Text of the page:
Saturday, April 30, 2011


We're sitting here in the kitchen talking about what's happened in Alabama.

Pup came in to the kitchen and said, "Mom, I'd like to help those people but I'm not sure what I can do."  The news shows photos and videos of the areas affected. It's kind of difficult to process. In the parts that we could see and from the people we've talked to, there are people in dire need and those who are fine. Roads are closed. Power crews are working round the clock. Crews with tags from Kentucky, Virginia, and Texas are there. The National Guard is visible. As we passed we could hear a lady thanking them for being there to help.

You have to realize what it's like. You drive through country roads and it looks like any other beautiful spring day. Nothing is wrong.

Then you see the damage. It's as if a huge weedeater has come through and cut down trees and blown away houses.  Then you drive further and it's back to that beautiful spring day.

Some of the areas are remote and some are highly populated.  That's important to note because of the kind of rescue effort you're looking at.

I was telling Pup about this as we talked about what we could do. He wants to help. He wants to go to the areas hit and help people. I thought about this as we looked at the damage. To Pup sending a check to some address just doesn't seem as much help as actually going house to house with the rescue folks.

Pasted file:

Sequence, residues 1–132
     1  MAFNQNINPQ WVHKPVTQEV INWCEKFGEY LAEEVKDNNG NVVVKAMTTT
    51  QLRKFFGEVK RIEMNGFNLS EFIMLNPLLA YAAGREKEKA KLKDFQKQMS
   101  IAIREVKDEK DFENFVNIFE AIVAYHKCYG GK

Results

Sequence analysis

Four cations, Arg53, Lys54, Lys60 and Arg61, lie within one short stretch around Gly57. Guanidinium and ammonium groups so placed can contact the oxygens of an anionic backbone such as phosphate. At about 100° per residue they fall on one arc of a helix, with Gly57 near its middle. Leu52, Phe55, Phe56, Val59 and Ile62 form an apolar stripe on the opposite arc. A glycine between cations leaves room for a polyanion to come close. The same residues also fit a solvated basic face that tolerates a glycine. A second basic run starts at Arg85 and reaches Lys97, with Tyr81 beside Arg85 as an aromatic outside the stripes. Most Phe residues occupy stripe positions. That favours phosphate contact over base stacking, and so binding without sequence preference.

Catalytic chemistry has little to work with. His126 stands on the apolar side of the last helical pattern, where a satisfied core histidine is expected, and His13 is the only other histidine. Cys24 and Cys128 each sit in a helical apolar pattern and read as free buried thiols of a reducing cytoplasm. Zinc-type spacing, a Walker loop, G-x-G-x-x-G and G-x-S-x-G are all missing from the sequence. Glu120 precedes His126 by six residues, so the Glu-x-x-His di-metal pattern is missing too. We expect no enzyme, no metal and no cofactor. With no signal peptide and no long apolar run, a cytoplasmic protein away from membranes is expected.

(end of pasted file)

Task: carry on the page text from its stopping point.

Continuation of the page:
But the reality is sometimes that donation is the best thing you can do.

Pup and I are talking about this and all the time the words are going on in my heart -

"...loves the only house big enough for all the pain in the world..."

So here we sit in the kitchen wondering about what we could do....

Here's what we've heard and what we've seen and more than likely who we'll give donations to:

The Red Cross has stations with water. Volunteers are highly visible in areas that are rural and where water is needed. I'm guess that giving blood is important too.

It's my understanding that the Salvation Army in Tuscaloosa was either badly damaged or destroyed.  From the aftermath of Katrina, it's also my understanding that if you give to the local Salvation Army it will stay with the areas affected. We know that our closest one gives food and shelter when the hurricanes come. It stays local and isn't eaten up with overhead.